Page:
- 4 guys show up for the high stakes poker game and Bruce doesn't know 'em as they all go to Judd's high school in the next town over. We have Marshall, Rod, Arthur Marks, and Tony Dent playing with Judd and Bruce. You have to arrive by 8pm or there's no getting in. The first game they play is 5 card stud and Bruce's hand is two jacks, a ten, four, and a two. Alas, Judd has three eights.
- Arthur, Tony, and Rod drop out of the first hand first, then Marshall bows out while Judd beats Bruce.
- By 10:30, Bruce is down $700 and he loses one last hand of 5 card draw, bringing his losses to $800.
- There's a pay phone across from the principal's office.
- Jessica makes a suggestion box for the SAVE office, which happens to be next door to the Oracle office.
- Liz and Jessica are in the same homeroom.
- Bruce is described as having brown eyes despite having blue eyes since forever.
- Bruce's initial Harbor Days idea is to sell copies of his little black book.
- Tracy's put off by the idea (though Bruce can't figure out why) but does manage to spin it into the final idea of "The Bruce Patman Guide to Dating." Ultimately she also convinces him to have the finish product be laser printed and spiral bound.
- Grandfather Patman never played around with stocks as he was worried about the risks.
- Judd tells just about everyone at the club about Bruce's loss at poker to the degree that even Roger hears about it there.
- Roger bought his 100 shares of Robotech for $10 but sells them at $8, which means he's down $700. Whoops.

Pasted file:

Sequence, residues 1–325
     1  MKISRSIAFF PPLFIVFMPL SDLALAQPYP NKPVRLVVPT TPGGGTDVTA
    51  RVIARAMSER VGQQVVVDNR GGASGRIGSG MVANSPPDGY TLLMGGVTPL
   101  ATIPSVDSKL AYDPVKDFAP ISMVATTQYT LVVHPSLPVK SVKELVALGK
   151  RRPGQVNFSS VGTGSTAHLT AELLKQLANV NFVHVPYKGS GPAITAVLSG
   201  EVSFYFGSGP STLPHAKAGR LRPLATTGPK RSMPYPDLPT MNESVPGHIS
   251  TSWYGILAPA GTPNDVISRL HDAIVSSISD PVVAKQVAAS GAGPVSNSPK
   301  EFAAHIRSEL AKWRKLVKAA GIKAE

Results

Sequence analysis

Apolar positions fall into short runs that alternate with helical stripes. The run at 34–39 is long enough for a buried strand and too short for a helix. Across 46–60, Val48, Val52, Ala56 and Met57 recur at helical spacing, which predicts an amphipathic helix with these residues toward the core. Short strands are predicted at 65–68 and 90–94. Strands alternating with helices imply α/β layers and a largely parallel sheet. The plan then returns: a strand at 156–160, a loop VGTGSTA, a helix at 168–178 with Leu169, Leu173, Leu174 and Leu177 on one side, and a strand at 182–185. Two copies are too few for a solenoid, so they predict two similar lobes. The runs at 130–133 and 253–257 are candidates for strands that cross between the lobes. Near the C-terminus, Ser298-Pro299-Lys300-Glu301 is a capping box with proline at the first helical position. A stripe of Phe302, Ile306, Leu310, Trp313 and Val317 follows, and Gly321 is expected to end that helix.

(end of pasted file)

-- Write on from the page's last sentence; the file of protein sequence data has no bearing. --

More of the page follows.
- Bruce likes that Tracy doesn't let him get away with much.
- For their first date, Bruce takes Tracy to his favorite Italian restaurant.
- Roger's first Harbor Days plan is to sell canvas caps/hats with visors and spray paint whatever designs people want on them. Who knew Roger was artsy?
- Harbor Days officially starts at 10am.
- Jessica joins Liz in setting up the Information Booth near the entrance to the harbor. Booths are on all four boundaries of the park and there are games to play as well.
- Liz gets a bit testy when Jessica warns Tracy about Bruce even though she's been cool enough towards Tracy that T noticed that Liz doesn't seem to really like him.
- Brian Webster is a mischievous ten year old boy with a mean smile and lots of freckles. Bruce knows him from the country club.
- Winston buys the first copy of Bruce's book.
- Amy and Cara have a water balloon booth where you can throw balloons at Steven Wakefield. (I'm going to pretend Jess spent a fair amount of time dunking her brother for funsies.)
- Ronnie Edwards bought a red, white, and blue design for his cap and it's ruined by Bruce's paint switch and Brian's water balloon.
- Bruce boasts to Tracy about donating all his profits to the SAVE project which prompts Tracy to tell Bruce about her little brother Jeremy.
- Sunday dinner is the least formal at the Patman's. Alexander, Bruce, and Roger are simply having soup and salad.
- Roger's second project for Harbor Days is to work with Jim Roberts and sell prints of Jim's photographs. Jim and Roger split the profits from each print, priced at $6.
- Harbor Days #1 raised $1,500
- Tracy thinks Bruce is using her to spy on Roger.
- I'm cackling that the photography place is called Corner Camera.
- When Bruce arrives to HD's second Saturday, Liz is the only SAVE rep there.
- Mr. Peterson is the chairman of the SAVE committee.
- I find it difficult to believe the Patmans, particularly Marie, brought Miranda (the maid) a gift back from their travels.
- Uh, ghosty? Bruce's father's name is Henry or Hank, not George. You even got this right earlier in the book.
- Never apologize, never explain is Bruce's motto. That explains so very much.
He was the dream of most of the girls in town. The ones who didn't think he was perfect were the ones who had had run-ins with his king-size ego. - Because there are no lesbians in SV. p4
"I can't help it," Bruce said. "I get anxious about my appearance when I'm nervous."